Sightseeing around Coffs Harbour

We’ve explored a lot of Coffs Harbour so here are some glimpses of what we’ve seen.

Coffs Harbour Jetty

The Jetty is an icon for Coffs Harbour because it was part of the beginning of the city’s economic growth. If you’re interested in reading more, check out the story of Coffs Harbour Jetty.

Clog Barn

We experienced the colour and charm of Holland in the heart of Coffs Harbour. ​The Clog Barn is a unique attraction and was the dream of Dutch born Tom Hartsuyker and we were very impressed with the miniature village.

Coffs Creek

Coffs Creek is a diverse and beautiful estuarine system of coastal swamp forests, rocky shores, mangroves, mudflats and salt marshes leading to incredible beaches and island vistas. I regularly cycle around Coffs Creek as it’s mostly off road, with a mix of bike path, dirt and boardwalks. I’ve seen a large black snake recently and it certainly took its time moving off the path!

You can also read more from Coffs Coast website about the creek and harbour loop.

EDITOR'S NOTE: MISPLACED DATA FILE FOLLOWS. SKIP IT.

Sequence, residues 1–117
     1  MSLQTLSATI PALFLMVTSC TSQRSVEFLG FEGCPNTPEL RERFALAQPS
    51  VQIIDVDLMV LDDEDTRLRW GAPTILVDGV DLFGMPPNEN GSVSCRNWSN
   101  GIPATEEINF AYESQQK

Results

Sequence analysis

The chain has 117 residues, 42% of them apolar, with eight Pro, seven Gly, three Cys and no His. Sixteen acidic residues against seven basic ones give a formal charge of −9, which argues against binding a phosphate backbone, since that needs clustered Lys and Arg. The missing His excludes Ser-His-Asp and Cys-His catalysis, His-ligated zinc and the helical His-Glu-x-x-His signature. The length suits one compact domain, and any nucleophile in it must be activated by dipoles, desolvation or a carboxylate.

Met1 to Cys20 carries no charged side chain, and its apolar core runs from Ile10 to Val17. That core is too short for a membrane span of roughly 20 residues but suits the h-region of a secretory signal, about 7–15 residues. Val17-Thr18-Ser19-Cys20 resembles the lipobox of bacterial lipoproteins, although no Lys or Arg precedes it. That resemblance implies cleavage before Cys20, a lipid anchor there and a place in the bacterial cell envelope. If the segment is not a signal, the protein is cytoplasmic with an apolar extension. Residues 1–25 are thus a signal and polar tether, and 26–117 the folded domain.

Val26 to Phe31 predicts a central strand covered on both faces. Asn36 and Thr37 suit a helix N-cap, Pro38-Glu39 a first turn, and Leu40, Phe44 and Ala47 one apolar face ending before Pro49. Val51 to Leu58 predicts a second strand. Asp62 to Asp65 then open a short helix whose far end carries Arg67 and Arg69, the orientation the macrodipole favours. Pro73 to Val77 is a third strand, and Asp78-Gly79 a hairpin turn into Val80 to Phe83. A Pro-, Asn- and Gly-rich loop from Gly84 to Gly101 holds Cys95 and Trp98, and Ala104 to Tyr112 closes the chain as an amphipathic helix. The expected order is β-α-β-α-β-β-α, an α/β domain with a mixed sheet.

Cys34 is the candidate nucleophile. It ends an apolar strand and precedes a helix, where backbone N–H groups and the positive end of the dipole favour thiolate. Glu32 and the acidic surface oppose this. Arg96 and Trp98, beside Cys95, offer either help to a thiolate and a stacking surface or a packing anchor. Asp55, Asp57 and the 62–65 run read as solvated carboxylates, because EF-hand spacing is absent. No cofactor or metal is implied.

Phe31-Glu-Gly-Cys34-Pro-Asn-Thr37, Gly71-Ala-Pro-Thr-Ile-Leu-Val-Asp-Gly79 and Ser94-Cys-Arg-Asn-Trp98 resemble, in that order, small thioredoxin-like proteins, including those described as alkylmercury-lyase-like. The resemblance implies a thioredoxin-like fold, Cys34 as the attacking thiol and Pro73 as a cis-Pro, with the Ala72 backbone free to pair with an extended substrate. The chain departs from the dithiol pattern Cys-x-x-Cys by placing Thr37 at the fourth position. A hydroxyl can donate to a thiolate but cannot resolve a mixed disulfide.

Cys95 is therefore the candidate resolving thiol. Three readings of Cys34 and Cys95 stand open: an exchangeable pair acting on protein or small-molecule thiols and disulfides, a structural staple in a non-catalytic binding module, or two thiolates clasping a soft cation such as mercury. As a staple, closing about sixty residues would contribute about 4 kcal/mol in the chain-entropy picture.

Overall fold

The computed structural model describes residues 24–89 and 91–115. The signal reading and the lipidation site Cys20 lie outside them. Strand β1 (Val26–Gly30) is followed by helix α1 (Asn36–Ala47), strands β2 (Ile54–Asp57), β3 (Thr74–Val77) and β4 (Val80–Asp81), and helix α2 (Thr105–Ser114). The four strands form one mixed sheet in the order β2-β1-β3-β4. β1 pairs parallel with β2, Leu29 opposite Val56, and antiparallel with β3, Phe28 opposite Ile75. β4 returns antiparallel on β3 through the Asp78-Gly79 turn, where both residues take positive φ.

Around the marina

Coffs Harbour International Marina is about half way between Sydney and Brisbane. There are plenty of facilities here, including a chandlery, hair dresser, restaurants, fishing co-op, and laundromat. There’s also a small supermarket an easy walk away, as well as many restaurants and cafes.

The marina itself is located on the northern breakwall, in the shadow of Muttonbird Island. Muttonbird Island, a nature reserve adjacent to the marina, offers expansive views of Coffs Harbour and surrounds and I’ve also spotted whales on their journey south. Every year the shearwaters, also known as mutton birds, make a remarkable 15,000km migration from the northern hemisphere to breeding sites in the Bass Strait and the south-east of the continent. The island is one of the only easily-accessible places in NSW where the shearwaters nest. 

On the southern side of the harbour is another breakwall near Corambirra point. The breakwall was upgraded in 2014, with a $19 million project that involved the casting and placing of around 2500 hanbars each weighing between 16 and 28 tonnes. In June 2019, the weather conditions resulted in large waves breaking over the wall. Check it out on this short YouTube video

But as you’ll see, we’re very spoilt with the views here.

 

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